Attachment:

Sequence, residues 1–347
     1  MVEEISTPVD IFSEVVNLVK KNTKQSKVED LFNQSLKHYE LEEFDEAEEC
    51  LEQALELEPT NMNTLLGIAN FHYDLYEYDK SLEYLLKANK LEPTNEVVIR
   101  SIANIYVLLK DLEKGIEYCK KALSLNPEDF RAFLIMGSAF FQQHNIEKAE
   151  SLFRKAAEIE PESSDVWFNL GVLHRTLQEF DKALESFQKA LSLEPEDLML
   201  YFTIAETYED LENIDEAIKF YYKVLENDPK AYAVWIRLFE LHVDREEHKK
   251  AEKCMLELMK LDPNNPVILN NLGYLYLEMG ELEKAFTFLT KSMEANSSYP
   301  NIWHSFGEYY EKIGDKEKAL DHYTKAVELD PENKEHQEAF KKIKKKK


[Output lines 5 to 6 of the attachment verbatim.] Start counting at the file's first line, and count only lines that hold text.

   151  SLFRKAAEIE PESSDVWFNL GVLHRTLQEF DKALESFQKA LSLEPEDLML
   201  YFTIAETYED LENIDEAIKF YYKVLENDPK AYAVWIRLFE LHVDREEHKK